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J Clin Gastroenterol. 2013 Feb;47(2):165-73. doi: 10.1097/MCG.0b013e31826df40a.

Diurnal variation in serum alanine aminotransferase activity in the US population.

Author information

1
Social & Scientific Systems Inc., Silver Spring, MD, USA. cruhl@s-3.com

Abstract

GOALS AND BACKGROUND:

Serum alanine aminotransferase (ALT) activity has been reported to be greater in the afternoon than the early morning, but data are scarce. We examined diurnal variation of ALT in a national population-based sample.

STUDY:

Participants in the 1999 to 2008 US National Health and Nutrition Examination Survey were randomly assigned to morning (AM; n = 4474 adolescents, 11,235 adults) or afternoon/evening (PM; n = 4887 adolescents, 11,735 adults) examinations. We examined ALT distributions graphically and compared both geometric mean ALT and the prevalence of elevated ALT, defined as >31 IU/L for adolescent boys, >24 IU/L for adolescent girls, >43 IU/L for adult men, and >30 IU/L for adult women, between AM and PM examination groups.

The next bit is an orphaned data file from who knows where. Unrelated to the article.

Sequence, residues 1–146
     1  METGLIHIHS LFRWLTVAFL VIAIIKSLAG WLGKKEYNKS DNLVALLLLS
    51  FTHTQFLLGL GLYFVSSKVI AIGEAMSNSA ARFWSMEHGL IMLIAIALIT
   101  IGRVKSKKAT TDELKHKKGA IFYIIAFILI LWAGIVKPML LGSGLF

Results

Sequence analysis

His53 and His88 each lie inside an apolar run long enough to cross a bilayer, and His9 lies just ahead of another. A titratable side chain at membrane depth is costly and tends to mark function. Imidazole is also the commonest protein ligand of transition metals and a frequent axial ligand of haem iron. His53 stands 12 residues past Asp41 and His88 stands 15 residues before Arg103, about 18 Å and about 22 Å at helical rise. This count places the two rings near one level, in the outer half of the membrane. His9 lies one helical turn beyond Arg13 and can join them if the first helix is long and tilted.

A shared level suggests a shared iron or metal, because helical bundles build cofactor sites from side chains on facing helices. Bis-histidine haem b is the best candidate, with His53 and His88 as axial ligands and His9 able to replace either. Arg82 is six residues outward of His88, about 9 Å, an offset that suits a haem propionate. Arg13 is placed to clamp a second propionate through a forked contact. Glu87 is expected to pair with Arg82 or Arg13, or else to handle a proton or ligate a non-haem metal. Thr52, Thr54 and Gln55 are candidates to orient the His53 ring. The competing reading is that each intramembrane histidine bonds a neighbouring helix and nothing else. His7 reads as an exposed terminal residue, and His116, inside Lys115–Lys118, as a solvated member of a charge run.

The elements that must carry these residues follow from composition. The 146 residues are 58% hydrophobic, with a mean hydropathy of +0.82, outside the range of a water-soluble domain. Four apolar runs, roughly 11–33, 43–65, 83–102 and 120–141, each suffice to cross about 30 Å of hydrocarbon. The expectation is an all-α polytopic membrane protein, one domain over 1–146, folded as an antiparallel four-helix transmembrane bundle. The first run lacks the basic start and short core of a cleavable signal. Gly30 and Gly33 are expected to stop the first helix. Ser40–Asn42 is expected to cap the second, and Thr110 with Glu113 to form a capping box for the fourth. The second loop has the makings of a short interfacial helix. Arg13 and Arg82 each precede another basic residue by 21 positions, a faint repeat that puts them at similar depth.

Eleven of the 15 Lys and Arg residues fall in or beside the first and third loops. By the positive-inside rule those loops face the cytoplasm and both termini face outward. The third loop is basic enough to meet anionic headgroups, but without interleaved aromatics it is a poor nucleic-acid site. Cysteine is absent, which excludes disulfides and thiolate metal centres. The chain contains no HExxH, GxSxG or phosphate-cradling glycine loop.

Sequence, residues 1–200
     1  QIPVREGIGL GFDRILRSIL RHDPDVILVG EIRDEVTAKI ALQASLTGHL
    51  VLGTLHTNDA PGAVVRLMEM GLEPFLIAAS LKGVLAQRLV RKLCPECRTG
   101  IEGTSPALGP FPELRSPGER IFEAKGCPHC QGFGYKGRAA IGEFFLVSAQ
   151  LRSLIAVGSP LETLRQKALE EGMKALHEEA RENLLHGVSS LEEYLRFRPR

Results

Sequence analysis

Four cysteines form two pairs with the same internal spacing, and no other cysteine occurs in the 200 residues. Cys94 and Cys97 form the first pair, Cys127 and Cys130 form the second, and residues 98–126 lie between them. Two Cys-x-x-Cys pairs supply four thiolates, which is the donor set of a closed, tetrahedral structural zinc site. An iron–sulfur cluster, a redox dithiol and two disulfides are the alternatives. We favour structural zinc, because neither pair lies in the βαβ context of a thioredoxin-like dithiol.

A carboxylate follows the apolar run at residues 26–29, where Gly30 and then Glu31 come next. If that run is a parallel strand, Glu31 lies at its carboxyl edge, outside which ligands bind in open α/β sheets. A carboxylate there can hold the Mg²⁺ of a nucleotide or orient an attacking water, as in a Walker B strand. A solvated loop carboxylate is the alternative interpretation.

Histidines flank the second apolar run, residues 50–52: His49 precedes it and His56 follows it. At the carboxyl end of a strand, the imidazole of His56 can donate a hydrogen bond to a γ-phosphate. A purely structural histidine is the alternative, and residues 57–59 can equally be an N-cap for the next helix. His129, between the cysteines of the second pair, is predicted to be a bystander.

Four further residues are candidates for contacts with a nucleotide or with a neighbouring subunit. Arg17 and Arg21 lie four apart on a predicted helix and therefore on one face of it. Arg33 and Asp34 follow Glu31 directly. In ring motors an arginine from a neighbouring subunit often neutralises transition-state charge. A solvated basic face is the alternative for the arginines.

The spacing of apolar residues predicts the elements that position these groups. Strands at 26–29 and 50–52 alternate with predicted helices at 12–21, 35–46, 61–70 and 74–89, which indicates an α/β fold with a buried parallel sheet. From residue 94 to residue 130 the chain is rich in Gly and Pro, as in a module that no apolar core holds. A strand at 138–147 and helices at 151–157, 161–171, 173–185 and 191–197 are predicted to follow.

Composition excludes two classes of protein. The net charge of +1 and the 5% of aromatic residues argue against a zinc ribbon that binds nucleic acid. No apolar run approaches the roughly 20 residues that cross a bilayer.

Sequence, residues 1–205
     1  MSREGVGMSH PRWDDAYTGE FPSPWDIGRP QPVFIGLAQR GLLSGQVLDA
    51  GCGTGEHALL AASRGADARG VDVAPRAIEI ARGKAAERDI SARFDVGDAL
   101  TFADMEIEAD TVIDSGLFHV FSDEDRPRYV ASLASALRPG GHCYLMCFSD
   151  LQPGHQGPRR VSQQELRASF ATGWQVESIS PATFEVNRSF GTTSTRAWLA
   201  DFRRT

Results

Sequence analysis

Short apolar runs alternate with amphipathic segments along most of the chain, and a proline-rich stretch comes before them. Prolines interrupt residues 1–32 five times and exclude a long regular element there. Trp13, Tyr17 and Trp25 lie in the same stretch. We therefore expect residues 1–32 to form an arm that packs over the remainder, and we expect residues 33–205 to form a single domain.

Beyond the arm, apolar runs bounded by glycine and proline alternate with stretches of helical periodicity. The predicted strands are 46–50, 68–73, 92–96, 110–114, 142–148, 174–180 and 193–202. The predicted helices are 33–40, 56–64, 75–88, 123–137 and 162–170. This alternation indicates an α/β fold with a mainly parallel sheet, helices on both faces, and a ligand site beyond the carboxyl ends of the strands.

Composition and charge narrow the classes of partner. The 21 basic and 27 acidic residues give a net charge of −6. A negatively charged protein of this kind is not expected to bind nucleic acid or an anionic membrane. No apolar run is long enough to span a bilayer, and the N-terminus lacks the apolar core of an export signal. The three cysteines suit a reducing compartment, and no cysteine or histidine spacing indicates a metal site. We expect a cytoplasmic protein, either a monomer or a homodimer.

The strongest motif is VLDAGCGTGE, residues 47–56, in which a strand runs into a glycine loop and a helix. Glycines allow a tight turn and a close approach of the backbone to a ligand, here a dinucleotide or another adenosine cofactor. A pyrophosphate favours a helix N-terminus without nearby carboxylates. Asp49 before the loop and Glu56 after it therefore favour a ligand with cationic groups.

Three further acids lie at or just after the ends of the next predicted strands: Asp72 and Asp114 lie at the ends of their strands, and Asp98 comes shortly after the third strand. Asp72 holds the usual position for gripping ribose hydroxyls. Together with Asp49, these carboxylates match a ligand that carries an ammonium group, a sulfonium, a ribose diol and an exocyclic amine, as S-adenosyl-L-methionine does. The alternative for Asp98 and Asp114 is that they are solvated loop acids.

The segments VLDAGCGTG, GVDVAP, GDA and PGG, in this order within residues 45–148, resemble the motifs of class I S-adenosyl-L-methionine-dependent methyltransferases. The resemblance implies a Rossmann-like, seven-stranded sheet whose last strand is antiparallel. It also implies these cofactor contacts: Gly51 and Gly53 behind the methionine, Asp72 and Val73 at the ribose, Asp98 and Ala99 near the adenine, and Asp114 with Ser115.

RESULTS:

The examination groups were similar with the exception in the AM group of a longer fasting time and slightly higher prevalence of diabetes among adolescents and viral hepatitis B among adult women. ALT distributions were similar between examination sessions among the 4 groups. Among adolescents and men, neither mean ALT nor prevalence of abnormal ALT differed by examination group. Among women, mean ALT was statistically significant, but minimally higher in the PM group (19.6 IU/L) than the AM group (19.1 IU/L; P = 0.009). Among 1 subgroup, women with chronic viral hepatitis, there was a higher prevalence of abnormal ALT in the PM group (P = 0.018 in unadjusted analysis). Adjusting for liver injury risk factors had little effect on the difference in mean ALT.

CONCLUSIONS:

In general, clinically significant diurnal variation in ALT activity was not found in the US population.

PMID:
23164687
PMCID:
PMC3545081
DOI:
10.1097/MCG.0b013e31826df40a
[Indexed for MEDLINE]
Free PMC Article
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